Will NVIDIA make a comeback in Apple’s Macs?
Apple (AAPL) products are always the talk of the town and keep the rumor mill spinning. Before September 2016, the rumor mill focused on Apple’s flagship iPhone 7. After the launch of the new phone, the rumor mill has shifted to the upcoming MacBook Pro, which is rumored to be launched in October 2016.
On September 24, 2016, Bloomberg reported that NVIDIA (NVDA) has posted three job listings for software engineers and have made a direct mention of Mac, Apple, and MacOS (operating system). The listing reads that engineers would “join the NVIDIA Mac graphics driver team” and write codes that will “define and shape the future” of graphics-related software on Macs.
When the market opened on September 26, 2016, NVIDIA’s stock rose 3.4% in just one day.
What can we assume about the NVIDIA rumor?
Apple’s latest job listings imply a lot. First, there is mention of a NVIDIA Mac graphics driver team, which could mean that the chipmaker already has been working on Mac products and that NVIDIA’s GPUs (graphics processing units) may power the upcoming MacBook Pro. A related possibility is that the NVIDIA team may be new and that its GPUs may power 2017 or 2018 Macs.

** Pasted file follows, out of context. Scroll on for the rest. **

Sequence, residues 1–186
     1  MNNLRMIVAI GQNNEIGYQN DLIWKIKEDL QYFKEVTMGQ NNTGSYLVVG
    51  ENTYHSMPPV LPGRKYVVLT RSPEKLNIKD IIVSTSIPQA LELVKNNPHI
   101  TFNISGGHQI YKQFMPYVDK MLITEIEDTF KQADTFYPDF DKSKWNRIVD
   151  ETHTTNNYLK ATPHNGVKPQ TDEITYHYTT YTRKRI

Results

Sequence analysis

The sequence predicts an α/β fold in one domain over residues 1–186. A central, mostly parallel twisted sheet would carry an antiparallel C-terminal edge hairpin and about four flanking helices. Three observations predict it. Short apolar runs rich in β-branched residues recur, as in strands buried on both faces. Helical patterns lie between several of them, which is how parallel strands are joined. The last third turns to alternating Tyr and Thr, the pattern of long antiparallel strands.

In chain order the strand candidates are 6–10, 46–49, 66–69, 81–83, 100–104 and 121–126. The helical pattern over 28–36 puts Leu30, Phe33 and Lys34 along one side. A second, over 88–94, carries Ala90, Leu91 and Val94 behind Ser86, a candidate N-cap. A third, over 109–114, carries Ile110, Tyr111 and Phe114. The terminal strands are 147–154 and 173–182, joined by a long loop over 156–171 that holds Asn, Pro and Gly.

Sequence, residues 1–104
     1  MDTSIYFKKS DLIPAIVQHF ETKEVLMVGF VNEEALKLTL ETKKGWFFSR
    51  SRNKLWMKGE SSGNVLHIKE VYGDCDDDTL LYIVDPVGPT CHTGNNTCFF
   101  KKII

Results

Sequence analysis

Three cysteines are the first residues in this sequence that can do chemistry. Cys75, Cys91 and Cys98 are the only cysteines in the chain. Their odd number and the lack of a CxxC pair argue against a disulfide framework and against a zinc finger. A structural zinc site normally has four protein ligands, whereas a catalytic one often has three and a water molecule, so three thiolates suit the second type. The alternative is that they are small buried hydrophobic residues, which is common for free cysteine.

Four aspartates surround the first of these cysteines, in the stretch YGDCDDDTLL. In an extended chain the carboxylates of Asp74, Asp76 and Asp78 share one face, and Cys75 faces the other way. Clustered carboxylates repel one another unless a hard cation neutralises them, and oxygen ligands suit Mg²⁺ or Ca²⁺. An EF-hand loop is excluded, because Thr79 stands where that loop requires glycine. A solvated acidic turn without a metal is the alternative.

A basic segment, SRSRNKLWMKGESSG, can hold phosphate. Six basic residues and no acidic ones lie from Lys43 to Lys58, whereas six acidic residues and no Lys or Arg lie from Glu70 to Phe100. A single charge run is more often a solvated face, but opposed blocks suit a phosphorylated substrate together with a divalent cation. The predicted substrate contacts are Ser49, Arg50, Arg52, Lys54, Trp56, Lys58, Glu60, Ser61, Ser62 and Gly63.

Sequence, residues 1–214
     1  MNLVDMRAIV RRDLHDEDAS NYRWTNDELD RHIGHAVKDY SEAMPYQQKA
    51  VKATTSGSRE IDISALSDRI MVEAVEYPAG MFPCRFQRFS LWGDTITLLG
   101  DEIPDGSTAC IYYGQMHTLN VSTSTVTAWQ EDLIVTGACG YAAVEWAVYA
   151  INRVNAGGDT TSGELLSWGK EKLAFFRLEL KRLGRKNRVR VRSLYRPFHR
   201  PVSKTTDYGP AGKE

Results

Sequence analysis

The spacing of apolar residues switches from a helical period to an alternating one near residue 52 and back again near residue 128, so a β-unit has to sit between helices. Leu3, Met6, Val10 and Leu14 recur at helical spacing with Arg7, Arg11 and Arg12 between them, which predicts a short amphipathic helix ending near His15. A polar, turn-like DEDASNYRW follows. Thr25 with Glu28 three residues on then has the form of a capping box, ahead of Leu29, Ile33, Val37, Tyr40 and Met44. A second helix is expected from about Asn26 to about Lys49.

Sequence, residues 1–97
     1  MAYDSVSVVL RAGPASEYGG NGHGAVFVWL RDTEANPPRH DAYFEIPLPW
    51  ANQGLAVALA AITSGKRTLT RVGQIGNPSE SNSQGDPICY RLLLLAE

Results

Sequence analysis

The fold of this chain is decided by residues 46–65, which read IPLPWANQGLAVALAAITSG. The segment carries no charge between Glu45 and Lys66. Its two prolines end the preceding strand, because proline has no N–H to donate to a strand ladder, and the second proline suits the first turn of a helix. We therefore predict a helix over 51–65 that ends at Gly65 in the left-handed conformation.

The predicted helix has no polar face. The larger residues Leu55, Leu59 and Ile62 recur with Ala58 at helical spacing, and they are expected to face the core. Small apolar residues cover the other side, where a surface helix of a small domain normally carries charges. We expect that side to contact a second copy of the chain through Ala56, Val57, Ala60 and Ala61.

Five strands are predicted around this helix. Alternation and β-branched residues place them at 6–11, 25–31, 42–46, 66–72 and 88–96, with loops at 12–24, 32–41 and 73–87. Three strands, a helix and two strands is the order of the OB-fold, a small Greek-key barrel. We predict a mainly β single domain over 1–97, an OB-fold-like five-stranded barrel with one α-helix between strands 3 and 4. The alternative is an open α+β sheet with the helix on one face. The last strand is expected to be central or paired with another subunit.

Second, Apple has been diversifying its supplier base to reduce dependence on one supplier. It was rumored to have divided the baseband modem supply between Intel (INTC) and Qualcomm (QCOM). Advanced Micro Devices (AMD) is currently the sole supplier of discrete GPUs for Macs. To diversify supply risk, Apple might be selecting NVIDIA as a second supplier of discrete GPUs.
Third, a Mac Pro refresh has been long overdue, with the last hardware refresh happening in 2013. With the advent of VR (virtual reality), users are looking for PCs and notebooks that support VR. NVIDIA GPUs perform better than AMD in the VR space, and so Apple might be considering a complete switch to NVIDIA for its GPU needs.
Of course, these are just assumptions—we can’t say with any certainty what is true. One thing is certain: NVIDIA GPUs (graphics processing units) would be making a serious comeback in Apple’s Macs, which currently use AMD’s discrete GPUs and Intel’s integrated GPUs.
In this series, we’ll continue to look at the possibilities of this rumor coming true as well as at what the impacts would be on AMD, Intel, and NVIDIA.
Many Apple portable Mac devices—the 13-inch MacBook Pro, 12-inch MacBook, and MacBook Air—don't feature discrete GPUs due to power and space constraints.
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